She is passionate about the impact of small businesses, education, and core services, and is committed to addressing key issues including inefficiencies in government systems, kids on the margin, and law enforcement.  She believes in hiring the good, and firing the bad; taking things one step at a time, and talking facts first.  Theresa has a track record of being a strong leader who has forged good relationships on both sides...she has a rare ability to bring everyone's view to the table.

A third generation Denver native, she worked her way through Metro State, and D.U.'s Sturm College of Law, served as Deputy District Attorney in both Adams and Mesa Counties where she worked arm-in-arm with law enforcement to develop a community consortium as well as a specialized prosecution unit for crimes against children. As a Magistrate Judge, Theresa helped implement sweeping reforms to improve local Court services for children and families.
In 2001, Theresa was chosen to develop the Office of the Child's Representative (OCR) to address the insidious issue of abused and neglected children being betrayed and overlooked by the legal system that was supposed to help them.

Faced with the challenge of creating a system for protecting children and a sustainable agency in the midst of an economic downturn, Theresa did what she does best - she rolled up her sleeves and got to work. By using the same successful business strategies that for-profit companies use, Theresa developed a nationally recognized state agency model for providing representation to children, while managing the agency's $18.5 million budget efficiently and effectively.

The reputation for leadership that she developed over nine years of running OCR caught the eye of former Colorado Supreme Justice Rebecca Love Kourlis, founder of the Institute for the Advancement of the American Legal System (IAALS) at the University of Denver. Recognizing her exceptional ability to develop innovative programs and bring people together, Kourlis selected Theresa to work hand-in-hand with former United States Supreme Court Justice Sandra Day O’Connor to develop and launch the O'Connor Judicial Selection Initiative. Together they created a national policy reform initiative to promote fair and impartial courts and increase judicial independence and impartiality, bringing together people from business and labor organizations, Republicans and Democrats, and other diverse interest groups to effect positive policy changes in the administration of justice.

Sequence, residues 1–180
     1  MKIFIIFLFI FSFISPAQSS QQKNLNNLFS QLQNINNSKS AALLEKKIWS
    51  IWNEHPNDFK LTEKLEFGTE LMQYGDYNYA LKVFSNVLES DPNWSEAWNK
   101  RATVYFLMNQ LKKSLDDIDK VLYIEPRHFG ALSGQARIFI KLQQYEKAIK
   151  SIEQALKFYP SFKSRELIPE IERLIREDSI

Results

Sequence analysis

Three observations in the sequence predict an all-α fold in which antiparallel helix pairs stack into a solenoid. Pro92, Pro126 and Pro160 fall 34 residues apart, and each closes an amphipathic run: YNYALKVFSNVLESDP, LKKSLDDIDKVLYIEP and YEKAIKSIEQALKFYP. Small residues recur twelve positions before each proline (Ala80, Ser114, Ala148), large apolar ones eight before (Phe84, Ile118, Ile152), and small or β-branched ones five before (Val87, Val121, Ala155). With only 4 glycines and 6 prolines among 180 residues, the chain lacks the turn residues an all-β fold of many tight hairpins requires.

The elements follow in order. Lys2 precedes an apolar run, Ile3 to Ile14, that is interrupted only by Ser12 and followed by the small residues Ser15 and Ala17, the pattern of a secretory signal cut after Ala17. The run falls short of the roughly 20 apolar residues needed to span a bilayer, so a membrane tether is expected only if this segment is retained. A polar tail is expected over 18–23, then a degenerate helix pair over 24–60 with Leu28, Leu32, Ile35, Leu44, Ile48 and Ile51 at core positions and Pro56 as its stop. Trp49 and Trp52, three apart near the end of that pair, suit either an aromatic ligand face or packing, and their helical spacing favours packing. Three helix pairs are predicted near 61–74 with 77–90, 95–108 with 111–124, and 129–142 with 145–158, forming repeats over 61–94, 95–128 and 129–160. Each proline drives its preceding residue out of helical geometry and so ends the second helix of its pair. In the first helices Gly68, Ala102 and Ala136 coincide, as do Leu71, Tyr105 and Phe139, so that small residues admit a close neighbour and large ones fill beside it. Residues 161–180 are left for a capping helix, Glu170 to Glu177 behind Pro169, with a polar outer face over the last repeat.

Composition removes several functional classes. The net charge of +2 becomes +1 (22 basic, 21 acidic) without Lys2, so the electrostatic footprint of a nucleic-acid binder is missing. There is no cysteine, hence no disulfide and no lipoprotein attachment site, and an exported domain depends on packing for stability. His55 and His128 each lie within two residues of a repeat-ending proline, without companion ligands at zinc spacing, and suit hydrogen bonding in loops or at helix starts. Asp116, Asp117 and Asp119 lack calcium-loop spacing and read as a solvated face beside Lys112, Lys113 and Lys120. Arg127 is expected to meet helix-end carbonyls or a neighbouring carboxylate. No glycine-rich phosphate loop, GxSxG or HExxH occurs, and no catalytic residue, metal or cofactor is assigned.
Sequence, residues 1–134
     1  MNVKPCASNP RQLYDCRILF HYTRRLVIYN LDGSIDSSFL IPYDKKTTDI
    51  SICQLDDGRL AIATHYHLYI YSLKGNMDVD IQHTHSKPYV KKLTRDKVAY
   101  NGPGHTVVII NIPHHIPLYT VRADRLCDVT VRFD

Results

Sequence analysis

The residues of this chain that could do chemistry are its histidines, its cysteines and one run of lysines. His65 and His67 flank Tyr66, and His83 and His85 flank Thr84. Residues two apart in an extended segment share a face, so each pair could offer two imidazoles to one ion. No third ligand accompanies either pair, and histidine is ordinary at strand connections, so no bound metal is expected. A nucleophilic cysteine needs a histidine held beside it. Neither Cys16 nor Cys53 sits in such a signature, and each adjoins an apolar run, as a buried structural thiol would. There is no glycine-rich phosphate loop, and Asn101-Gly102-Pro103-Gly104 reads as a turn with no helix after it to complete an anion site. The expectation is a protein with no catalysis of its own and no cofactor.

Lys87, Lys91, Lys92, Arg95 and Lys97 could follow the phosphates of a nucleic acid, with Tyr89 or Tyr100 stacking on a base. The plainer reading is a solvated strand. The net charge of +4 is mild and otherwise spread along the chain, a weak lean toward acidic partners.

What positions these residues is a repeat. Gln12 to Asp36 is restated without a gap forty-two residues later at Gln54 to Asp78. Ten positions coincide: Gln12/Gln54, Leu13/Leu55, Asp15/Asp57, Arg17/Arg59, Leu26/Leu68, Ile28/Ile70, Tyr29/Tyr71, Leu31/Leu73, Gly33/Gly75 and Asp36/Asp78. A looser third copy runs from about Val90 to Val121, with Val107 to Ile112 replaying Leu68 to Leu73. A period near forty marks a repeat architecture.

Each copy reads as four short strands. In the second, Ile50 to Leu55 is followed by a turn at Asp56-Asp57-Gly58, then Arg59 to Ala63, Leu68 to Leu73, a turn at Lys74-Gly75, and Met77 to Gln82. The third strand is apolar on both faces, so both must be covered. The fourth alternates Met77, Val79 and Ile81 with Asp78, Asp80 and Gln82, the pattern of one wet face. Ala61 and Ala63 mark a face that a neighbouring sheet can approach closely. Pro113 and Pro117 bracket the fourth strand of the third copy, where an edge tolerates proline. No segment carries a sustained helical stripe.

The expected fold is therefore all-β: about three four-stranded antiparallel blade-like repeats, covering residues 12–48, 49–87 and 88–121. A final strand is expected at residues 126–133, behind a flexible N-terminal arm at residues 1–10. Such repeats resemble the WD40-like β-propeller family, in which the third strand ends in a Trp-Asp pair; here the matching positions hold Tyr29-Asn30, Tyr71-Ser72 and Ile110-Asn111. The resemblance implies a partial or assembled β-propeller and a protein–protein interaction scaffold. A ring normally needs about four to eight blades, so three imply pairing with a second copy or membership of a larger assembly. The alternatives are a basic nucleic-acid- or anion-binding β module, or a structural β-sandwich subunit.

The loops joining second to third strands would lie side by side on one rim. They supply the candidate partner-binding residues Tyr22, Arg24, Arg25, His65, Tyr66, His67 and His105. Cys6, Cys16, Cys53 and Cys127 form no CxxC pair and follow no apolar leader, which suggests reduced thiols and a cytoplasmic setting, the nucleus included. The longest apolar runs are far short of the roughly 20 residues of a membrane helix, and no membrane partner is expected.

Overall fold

This most recent undertaking has proved again the magnitude of Theresa's leadership and management abilities.  What a wealth of experience and savvy she brings to the mayoral campaign. 

Beyond all of these amazing attributes, the things I like best about Theresa are her determination, her can-do attitude, and her willingness to think outside the box.  Theresa is a Denver native, a business professional, a tireless advocate and  champion for the people and the businesses that are Denver.